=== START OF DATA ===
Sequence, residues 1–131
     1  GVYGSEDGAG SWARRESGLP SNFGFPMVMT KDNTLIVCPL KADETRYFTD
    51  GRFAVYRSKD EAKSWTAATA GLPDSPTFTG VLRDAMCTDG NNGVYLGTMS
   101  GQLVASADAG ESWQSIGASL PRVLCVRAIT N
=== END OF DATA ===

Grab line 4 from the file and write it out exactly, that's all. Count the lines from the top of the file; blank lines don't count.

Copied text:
   101  GQLVASADAG ESWQSIGASL PRVLCVRAIT N